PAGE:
When percussionist Steve Schick asked me to write him a solo piece I wanted to do something that showed percussion's connection to real life activities. I didn't want to work with the pretty instruments, like vibraphone or chimes, that were invented so that percussionists could play politely with other musicians. I wanted to write a piece that reminded the listener of the glorious history of percussion — that since the beginning of time people have always banged on things as a result of their professions.
Then I remembered that I had once read a book on the history of blacksmithing, and I had become particularly interested in how medieval blacksmiths used song to help them in their work. Although small jobs could be accomplished by individual smiths, larger jobs created an interesting problem — how could several smiths hammer on a single piece of metal without getting in each other's way? Smiths solved this problem by singing songs together which would control the beat patterns of the hammers. There was a different song for each number of participating blacksmiths — obviously, a song that allowed for three hammer strokes would be confusing and even dangerous if used to coordinate four smiths.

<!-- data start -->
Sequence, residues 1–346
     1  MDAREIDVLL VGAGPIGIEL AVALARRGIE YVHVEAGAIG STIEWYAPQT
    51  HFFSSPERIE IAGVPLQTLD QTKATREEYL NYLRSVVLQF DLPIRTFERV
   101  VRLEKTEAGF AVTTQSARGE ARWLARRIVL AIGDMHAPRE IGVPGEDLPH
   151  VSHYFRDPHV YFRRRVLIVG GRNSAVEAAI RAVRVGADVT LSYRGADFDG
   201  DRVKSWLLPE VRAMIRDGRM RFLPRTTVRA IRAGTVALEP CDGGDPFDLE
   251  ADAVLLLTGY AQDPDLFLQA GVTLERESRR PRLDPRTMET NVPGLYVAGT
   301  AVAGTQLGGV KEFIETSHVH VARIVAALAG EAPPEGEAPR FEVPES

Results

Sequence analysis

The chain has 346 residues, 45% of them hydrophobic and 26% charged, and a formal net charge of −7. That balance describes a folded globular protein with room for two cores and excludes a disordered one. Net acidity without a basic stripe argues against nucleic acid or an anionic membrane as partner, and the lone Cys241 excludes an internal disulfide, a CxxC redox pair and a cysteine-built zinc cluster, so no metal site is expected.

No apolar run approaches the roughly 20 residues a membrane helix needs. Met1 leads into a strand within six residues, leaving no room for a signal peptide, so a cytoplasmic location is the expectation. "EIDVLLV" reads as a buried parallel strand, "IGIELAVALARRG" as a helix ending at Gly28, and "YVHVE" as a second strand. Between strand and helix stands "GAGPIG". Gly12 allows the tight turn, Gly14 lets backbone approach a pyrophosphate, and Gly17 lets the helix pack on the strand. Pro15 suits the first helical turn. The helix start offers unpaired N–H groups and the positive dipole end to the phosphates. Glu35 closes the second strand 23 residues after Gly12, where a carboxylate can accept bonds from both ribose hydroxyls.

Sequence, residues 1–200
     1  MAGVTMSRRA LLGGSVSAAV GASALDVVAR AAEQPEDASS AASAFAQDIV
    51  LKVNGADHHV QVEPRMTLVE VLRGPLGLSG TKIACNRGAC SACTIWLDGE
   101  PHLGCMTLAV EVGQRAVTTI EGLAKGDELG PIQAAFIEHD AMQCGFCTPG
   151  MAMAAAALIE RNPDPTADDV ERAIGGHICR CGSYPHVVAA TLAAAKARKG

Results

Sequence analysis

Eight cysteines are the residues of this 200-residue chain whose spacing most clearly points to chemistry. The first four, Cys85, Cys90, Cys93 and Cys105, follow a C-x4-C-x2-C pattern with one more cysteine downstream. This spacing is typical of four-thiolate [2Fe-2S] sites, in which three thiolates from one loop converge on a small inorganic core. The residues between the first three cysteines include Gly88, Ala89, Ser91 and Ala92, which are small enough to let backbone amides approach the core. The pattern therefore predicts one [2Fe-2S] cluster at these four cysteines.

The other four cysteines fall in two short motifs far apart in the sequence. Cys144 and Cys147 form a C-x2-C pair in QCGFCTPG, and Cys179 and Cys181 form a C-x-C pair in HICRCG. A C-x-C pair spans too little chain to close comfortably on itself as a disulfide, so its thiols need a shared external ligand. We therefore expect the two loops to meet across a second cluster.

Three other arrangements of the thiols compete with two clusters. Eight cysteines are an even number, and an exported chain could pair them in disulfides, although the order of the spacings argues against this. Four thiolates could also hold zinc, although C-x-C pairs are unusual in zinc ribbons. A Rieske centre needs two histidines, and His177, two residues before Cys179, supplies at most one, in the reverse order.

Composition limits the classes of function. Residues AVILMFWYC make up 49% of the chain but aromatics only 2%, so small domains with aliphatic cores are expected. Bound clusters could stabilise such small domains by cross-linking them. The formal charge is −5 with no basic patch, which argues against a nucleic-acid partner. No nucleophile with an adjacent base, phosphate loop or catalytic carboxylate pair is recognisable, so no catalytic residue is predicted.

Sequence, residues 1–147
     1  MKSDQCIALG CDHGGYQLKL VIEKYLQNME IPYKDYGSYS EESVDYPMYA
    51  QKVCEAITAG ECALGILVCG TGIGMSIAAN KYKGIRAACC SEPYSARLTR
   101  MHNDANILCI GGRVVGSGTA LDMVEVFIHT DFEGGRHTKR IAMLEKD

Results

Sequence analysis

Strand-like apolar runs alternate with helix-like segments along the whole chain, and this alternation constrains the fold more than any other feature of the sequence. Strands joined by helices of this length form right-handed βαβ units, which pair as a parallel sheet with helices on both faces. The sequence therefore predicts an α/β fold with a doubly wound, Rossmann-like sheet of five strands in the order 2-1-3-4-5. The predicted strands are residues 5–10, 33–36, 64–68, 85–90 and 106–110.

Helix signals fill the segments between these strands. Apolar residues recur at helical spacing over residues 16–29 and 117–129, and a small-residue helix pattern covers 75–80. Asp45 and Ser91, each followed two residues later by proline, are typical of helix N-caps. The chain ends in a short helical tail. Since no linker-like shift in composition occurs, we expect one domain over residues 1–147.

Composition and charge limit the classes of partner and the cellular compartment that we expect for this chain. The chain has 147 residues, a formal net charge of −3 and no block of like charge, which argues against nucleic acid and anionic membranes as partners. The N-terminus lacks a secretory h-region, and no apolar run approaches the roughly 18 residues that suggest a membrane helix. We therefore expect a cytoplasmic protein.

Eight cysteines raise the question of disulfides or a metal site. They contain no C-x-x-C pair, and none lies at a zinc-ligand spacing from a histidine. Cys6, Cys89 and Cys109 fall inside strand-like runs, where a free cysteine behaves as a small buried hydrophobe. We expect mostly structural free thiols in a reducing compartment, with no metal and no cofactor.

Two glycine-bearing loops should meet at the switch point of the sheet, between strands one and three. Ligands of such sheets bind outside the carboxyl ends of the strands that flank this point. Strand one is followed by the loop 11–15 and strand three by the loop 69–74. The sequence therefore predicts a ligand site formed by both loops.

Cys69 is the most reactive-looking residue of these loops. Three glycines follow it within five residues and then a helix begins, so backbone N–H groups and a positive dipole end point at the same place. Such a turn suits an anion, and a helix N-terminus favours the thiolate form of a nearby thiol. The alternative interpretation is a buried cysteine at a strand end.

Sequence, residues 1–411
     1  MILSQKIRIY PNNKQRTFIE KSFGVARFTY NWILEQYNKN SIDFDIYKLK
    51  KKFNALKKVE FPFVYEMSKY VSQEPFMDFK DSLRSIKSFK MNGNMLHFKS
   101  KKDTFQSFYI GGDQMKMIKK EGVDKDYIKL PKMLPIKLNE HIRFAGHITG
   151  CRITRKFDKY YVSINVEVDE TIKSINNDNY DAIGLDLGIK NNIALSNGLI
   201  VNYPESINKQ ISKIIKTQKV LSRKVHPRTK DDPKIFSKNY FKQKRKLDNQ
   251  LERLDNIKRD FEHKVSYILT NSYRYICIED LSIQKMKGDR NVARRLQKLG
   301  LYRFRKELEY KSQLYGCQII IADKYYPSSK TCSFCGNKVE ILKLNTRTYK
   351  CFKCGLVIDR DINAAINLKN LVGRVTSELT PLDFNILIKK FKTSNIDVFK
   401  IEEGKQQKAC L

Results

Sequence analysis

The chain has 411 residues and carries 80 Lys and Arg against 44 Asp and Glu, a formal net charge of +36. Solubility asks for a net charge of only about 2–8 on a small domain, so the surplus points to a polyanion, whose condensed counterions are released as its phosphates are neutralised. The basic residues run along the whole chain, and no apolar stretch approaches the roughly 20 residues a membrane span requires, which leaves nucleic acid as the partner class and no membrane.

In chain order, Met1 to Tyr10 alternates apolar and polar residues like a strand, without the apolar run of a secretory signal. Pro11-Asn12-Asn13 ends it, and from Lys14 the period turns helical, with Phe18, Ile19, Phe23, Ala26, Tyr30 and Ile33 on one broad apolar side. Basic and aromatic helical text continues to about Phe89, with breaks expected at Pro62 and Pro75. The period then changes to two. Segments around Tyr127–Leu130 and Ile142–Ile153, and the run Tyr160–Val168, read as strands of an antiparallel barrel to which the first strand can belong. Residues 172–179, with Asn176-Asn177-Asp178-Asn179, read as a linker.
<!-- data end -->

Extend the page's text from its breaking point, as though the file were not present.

My solo percussion piece the anvil chorus also uses a ''melody'' to control various beat patterns. The ''melody'' is played on resonant junk metals of the percussionist's choosing, and, by adding certain rules, it triggers an odd accompaniment of non-resonant junk metals, played both by hand and by foot.